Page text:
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Trump Has Issued A Revised Travel Ban And Venezuela Is On The List

Jeso Carneiro / Gage Skidmore / Flickr

Earlier this year, President Trump announced a travel ban affecting seven Muslim-majority countries. The move was met with anger, as protesters flooded airports and closed bodegas, demanding justice for those impacted by the travel ban. After several revisions and court rulings that have limited its scope, the ban was implemented. That ban expired Sunday, September 26 and was replaced with a similar ban that lists different countries. Sudan was dropped from the ban after being one of the original six countries listed. North Korea, Chad, and Venezuela have been added, according to a proclamation from the White House. As of Sunday, a total of eight countries sit on the travel ban: Chad, Iran, Libya, North Korea, Syria, Venezuela, Yemen, and Somalia. However, unlike the previous travel ban, some of the countries have very specific restrictions on who can and cannot travel into the U.S., particularly Venezuela.

The proclamation states that the countries were added to the original travel ban after “a worldwide review of whether, and if so what, additional information would be needed from each foreign country to assess adequately whether their nationals seeking to enter the United States pose a security or safety threat.” The proclamation also claims that “this was the first such review of its kind in United States history.”

Making America Safe is my number one priority,” Trump tweeted with a link to the proclamation. “We will not admit those into our country we cannot safely vet.”

According to the proclamation, travel from Venezuela will not impact the general public. Instead, the travel ban being placed on Venezuela will target certain government officials that have been “uncooperative” in sharing information about the identity of Venezuelan nationals and their risk to national security. Officials from several divisions of Venezuela’s federal government, along with their immediate families, will be denied entry into the U.S. Those who work for the Ministry of the Popular Power for Interior, Justice and Peace; the Administrative Service of Identification, Migration and Immigration; the Scientific, Penal and Criminal Investigation Service Corps; the Bolivarian National Intelligence Service; and the Ministry of the Popular Power for Foreign Relations will be affected. As per the travel ban, officials from these agencies and their family members have had their business and/or tourist visas suspended, barring them from entering the U.S.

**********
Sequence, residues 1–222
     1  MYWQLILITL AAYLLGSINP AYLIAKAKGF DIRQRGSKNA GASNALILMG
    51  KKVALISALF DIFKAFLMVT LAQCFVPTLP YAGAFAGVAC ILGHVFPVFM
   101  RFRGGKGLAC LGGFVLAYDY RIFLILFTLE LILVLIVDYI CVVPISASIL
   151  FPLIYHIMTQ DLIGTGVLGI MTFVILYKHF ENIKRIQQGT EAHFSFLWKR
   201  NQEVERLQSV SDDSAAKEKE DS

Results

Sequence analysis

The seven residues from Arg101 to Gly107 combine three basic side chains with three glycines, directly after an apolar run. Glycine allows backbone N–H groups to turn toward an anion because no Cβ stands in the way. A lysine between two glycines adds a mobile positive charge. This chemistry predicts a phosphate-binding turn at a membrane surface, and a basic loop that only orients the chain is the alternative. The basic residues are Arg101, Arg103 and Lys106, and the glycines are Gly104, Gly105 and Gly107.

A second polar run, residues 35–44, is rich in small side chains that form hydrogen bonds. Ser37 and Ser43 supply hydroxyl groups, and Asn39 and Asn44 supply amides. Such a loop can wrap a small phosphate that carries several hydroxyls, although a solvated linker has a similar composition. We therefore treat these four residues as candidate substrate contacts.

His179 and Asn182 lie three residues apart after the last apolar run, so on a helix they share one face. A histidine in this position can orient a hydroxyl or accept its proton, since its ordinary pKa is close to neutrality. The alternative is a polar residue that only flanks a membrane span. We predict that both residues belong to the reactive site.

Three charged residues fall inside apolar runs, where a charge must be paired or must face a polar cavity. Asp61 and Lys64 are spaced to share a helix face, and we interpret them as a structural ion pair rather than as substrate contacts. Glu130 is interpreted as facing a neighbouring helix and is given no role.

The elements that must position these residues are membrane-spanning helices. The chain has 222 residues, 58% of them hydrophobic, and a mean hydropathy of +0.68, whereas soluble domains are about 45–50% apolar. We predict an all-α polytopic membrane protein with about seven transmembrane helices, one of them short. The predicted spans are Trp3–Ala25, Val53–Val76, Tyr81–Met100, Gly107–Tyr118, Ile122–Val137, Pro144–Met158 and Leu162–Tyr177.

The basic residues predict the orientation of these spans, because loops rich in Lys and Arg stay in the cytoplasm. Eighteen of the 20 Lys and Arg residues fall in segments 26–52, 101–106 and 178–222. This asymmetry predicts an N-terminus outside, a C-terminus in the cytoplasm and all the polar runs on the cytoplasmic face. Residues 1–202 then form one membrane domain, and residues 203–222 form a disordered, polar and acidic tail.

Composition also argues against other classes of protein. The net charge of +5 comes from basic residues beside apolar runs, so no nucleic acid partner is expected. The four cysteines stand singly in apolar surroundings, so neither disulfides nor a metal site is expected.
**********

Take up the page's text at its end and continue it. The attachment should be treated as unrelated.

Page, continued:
“The Bolivarian Republic of Venezuela categorically rejects the irrational decision of the Government of the United States of America to once again catalog the noble Venezuelan people as a threat to their national security, this time under false assumptions that they pose a terrorist threat and to American public order,” Venezuela’s Foreign Minister Jorge Arreaza said in a statement.


READ: Venezuelans Lost 19 Pounds Because There’s No Food But The Government Gave To Trump’s Inauguration

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People Have Packed Puerto Rico's San Juan Airport And Are Standing In Hot, Humid Conditions So They Don't Lose Their Place In Line

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People Have Packed Puerto Rico’s San Juan Airport And Are Standing In Hot, Humid Conditions So They Don’t Lose Their Place In Line

@DavidBegnaud/ Twitter
Credit: CBS This Morning/ YouTube

“The food is not enough, the gas is not enough, so everyone is fighting to get at whatever is available.”

CBS reporter David Begnaud is in Puerto Rico painting a picture of the total disarray the island is in after Hurricane Maria. From the lack of food and water to floodwater-submerged houses, electricity still out, spotty cell service coverage at best, and a flood-damaged dam ready to burst, Puerto Rico is facing the largest disaster and humanitarian crisis of its modern history.

Off-air, Begnaud was a little less buttoned up about what was happening, showing how desperate the situation at the airport actually is.

Begnaud spoke to some people who have been sitting in the airport for up to five days in abysmal conditions. According to some who were waiting in line, people who were able to afford ticket prices of $1700 and up to $3000 were able to board some of the earlier flights off the island.

Flights off the island are starting at $1,500.

Parents are stuck inside the airport where it’s the hottest, so they don’t lose a spot in line, while their children sweat in their strollers.

Governor Ricardo Rossello is aware of the situation and is planning on sending relief to the airports…

But for some that relief isn’t coming fast enough.

Some Puerto Ricans are trying to use their celebrity status to motivate action.

Infuriated with a government that isn’t doing enough, Marc Anthony called on the president to focus on issues more important than sports.

Ricky Martin has partnered with YouCaring to raise funds for Puerto Rico.

Even superstar Luis Fonsi couldn’t keep it together when asked about the crisis.

Fonsi in an interview with Telemundo said “We want to help and we’re looking for every way to do that. We haven’t forgotten about them” as he pushed through tears.


READ: As The Federal Government Argues With The NFL And Debates Healthcare, J.Lo And New York State Are Helping Puerto Rico


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